Stacey said...

I wrote a comment regarding the current business model of traditional publishers on Sarah Weinman's blog, and she found it offensive and deleted it.

It's remarkable, though, because you've touched on some of the exact same things I addressed in that comment.

Essentially what I was saying was that traditional publishing places too much emphasis on its leading authors, and the advent of digital publishing has created a new business model for publishing.

Because books can stay in print literally forever with a POD model, we're seeing certain publishers (mostly self-publishers at this point) emphasizing volume of authors, rather than a handful of standouts.

A publisher is going to make more money from 1,000,000 authors who sell 50 books, than 100 authors who sell 50,000 books.

Companies like Lulu have already begun to realize that its profits are not in a frontlist, but are in the midlist (because there are so many of them). And because there's not a cost for warehousing POD titles, there's no expense in keeping a million authors in print, who would otherwise be out of print.

Midlist authors are going to get their due, purely from a business/profits standpoint with the continued growth of digital publishing.

It's a great article, Joe. Very insightful.

Stacey
www.staceycochran.com

Robert Burton Robinson said...

Great post, Joe. And I also agree with Stacey. I like the fact that I don't have to be an overnight success to be a success. I am slowly attracting more fans to my writing, via my website.

Lulu is great except for one major problem: they forced me to give too large a discount: 50% to the distributors/booksellers. I realize that the standard is 55%, but let's face it, that's really for brick and mortar stores. Amazon and other online booksellers don't need that much. And nobody is going to stock my books in a walk-in store anyway - they're PODs. All sales will be online.

When I realized that I couldn't possibly set a reasonable retail price with Lulu's formula: retail = (cost + royalty) x 2, I started looking elsewhere. And I'm very pleased with what I found. I have switched to Diggory Press/Exposure Publishing. They are based in England, and also will soon have an office in Arizona. With them, I only give a 25% discount. This enables me to set a reasonable retail price and still make some royalty.

So, it's great to know that all the novels I write can be in print as long as I want them to be.

Speaking of which, time to get back to writing the current novel.

Robert Burton Robinson said...

P.S. If you want to learn more about Diggory/Exposure, click here

Robert Burton Robinson

Mark said...

An interesting post, Joe. Do I detect a change in attitude? Hmmm.

"Second, that extra 1400 probably won't be the difference between making the list and missing the list. The numbers needed to make the NYT List are very high, and an extra thousand books probably won't be enough. Patterson sells 60,000 of his new hardcover a week."

Yeah, really. I interviewed Vince Flynn a while back and he commented that Barnes & Noble sold 5,000 copies of his latest novel IN THE FIRST DAY!

If you're selling like that, all the media attention etc. probably really helps, but if you're selling 5000 copies (period) or even 15,000 total, then all the emphasis on the first three weeks, although it won't hurt you, may be wasted energy when you need to spread it out over time.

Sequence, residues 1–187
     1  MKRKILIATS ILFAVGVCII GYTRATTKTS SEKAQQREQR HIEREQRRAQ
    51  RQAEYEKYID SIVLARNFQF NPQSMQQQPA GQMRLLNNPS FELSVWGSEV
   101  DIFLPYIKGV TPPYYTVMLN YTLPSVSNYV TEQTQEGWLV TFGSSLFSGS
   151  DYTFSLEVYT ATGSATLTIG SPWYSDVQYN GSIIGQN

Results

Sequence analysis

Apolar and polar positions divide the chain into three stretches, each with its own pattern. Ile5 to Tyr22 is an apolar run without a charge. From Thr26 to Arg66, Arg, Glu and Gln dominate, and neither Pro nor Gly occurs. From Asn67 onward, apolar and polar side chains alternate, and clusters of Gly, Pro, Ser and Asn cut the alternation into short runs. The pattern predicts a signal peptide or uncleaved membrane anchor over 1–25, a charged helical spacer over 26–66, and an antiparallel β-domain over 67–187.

Best,
Mark Terry
www.markterrybooks.com

The Dark Scribe said...

Great post. Interesting point, too, that publishers push so hard for the first few weeks. As a bookseller, I'm particularly familiar with this phenomenon. Publishers buy co-op space for a week, maybe two, then the book is off the front table and banished to the New in Fiction Bay toward the back of the store. So if you're looking at numbers, it makes sense that the publisher wants results in those first few weeks.

It doesn't mean their strategy isn't flawed, however.

You're absolutely right about word-of-mouth. I would go so far as to suggest that word-of-mouth is the single-most influential reason consumers purchase certain titles. The irony is that it's the same across all media entertainment--movies, television shows, music, books. Some of the highest grossing films/books/cds of all time started extremely slow, then word-of-mouth kicked in, and sales grew exponentially. Every person who purchased it told all of his/her friends to buy it, and on and on.

Anyway, if publishers subscribe to the Blockbuster approach to book sales, you'd think they'd have figured out that the steadily increasing sales figures (the whole, give me a penny the first day then double it every subsequent day) will be more profitable than the crazed three-week push (for lack of a better analogy, the six-hump chump approach).e

KingM said...

Nice post. I especially like this:

Winning teams usually aren't created overnight. It takes years of training, fine-tuning, coaching, and adjusting to get a winning ball team. Sports owners know this. I wonder why publishers don't seem to.

Unfortunately, I have a friend who suffers from the same malady. He is a fine writer and his books have sold well for their genre, albeit not spectacularly well. But he has moved all over the place over the last fifteen years, including changing his name, writing in different genres, etc. I think he'd have done better to keep going in one direction and have faith in his ability to build an audience to last a career.

Rob Gregory Browne said...

Great post, Joe. Especially since KISS HER GOODBYE came out on the 6th and I'm currently in the middle of that first three weeks and barely have time to concentrate.

But I'm not really feeling the pressure you speak of. I've decided not to sweat the numbers (whatever they might be) and simply enjoy the ride.

What's the worst that can happen? The way I look at it, I can't be unpublished. I've already done what I've wanted to do all my life -- so the rest is gravy.

Jim Michael Hansen said...

Joe: The big push at the beginning of a book’s life makes perfect sense and here’s why.